Now, when meditation comes into your life, you will not leave, or go to the mountains, you will do everything with awareness, and at the same time, internally, you will be unaffected.

SN: Today, meditation is not just a spiritual tool but a way to unlock our body and mind’s full potential. What is the way to achieve this state?

Bhavesh: Very true, meditation is a way of life and it can lift your consciousness to higher states. In fact, through meditation, you can unlock multiple dimensions and experience the true essence of life which is bliss. But in order to get to meditation, I would personally recommend that one follows Ashtanga Yoga, the eight limbs of yoga and that is Yam, Niyam, Asana, Pranayam, Pratyahara, Dharana, Dhyana, Samadhi.

However, if you’re a very, very advanced sadhak, I would recommend that you stick to your mantra japa and try to increase the time of meditating, breathing and chanting your mantras.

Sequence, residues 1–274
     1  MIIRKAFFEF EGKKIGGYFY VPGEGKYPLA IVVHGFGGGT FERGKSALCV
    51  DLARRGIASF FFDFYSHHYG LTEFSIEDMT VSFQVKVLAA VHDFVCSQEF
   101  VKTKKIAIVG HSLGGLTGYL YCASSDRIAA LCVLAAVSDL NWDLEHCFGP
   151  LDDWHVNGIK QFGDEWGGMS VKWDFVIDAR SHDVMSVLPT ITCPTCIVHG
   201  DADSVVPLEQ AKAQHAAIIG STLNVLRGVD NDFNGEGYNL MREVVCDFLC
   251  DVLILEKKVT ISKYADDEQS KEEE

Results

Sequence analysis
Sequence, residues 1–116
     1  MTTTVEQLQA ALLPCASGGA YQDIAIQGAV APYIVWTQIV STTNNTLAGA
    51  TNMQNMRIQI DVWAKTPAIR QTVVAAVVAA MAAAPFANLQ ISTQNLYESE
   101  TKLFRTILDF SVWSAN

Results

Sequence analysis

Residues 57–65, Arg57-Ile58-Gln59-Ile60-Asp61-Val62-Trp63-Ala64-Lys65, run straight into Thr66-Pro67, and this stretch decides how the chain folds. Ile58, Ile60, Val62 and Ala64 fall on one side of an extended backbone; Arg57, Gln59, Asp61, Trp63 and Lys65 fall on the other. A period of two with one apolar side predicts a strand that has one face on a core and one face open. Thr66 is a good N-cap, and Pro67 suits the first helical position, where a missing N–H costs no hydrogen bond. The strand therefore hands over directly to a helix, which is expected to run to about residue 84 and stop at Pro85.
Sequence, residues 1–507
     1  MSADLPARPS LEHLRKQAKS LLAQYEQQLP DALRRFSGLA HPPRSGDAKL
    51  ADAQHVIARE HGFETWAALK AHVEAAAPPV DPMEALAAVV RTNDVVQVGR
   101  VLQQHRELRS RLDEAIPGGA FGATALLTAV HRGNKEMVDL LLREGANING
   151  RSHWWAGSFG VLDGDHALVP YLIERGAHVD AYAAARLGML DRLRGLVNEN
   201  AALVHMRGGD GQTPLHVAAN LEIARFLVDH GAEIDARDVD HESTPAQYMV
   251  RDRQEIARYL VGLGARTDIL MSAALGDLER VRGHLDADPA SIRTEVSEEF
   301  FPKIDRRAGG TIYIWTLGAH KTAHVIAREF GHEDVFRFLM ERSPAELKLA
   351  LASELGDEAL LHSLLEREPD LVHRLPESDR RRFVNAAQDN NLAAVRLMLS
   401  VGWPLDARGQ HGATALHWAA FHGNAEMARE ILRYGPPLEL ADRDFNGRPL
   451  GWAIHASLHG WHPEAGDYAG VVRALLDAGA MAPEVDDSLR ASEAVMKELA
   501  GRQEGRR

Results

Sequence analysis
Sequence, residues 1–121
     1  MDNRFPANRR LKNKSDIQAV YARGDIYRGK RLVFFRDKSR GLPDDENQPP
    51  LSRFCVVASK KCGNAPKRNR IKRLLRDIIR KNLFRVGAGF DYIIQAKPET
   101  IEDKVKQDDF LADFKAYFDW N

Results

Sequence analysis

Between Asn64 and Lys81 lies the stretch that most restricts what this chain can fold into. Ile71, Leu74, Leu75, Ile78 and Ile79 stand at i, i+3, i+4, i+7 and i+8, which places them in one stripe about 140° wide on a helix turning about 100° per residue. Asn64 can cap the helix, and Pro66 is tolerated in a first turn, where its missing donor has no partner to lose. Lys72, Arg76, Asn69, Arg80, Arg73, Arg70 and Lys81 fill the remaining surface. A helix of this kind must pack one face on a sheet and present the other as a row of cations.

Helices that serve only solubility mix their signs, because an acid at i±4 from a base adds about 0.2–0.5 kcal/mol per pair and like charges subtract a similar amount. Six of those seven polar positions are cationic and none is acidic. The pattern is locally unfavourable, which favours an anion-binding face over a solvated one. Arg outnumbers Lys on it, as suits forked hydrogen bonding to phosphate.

SN: How do you personally celebrate Meditation Day, and what significance does it hold for you?

Bhavesh: It would be wrong if I say that Meditation Day holds any significance because every day is Meditation Day. It’s only because of our sadhana, we are who we are. But those who are actually starting the path on this day, I would personally recommend do three important things.

Do Tratak every day. The second is to do Pranayam, Anulom Vilom or Nadi Shodhan and the last is to learn to sit with your own self for five minutes. If you maintain this for three to four months, I assure you there’ll be a drastic change. More than that, you will experience happiness, joy and bliss and no one can take that away from you. Hari Om Tat Sat.

Bhavesh Bhimanathani’s insights remind us of the transformative potential of meditation and spiritual practice in our daily lives. As we celebrate Meditation Day and beyond, Bhavesh’s teachings offer a path to greater awareness, contentment, and connection with the divine.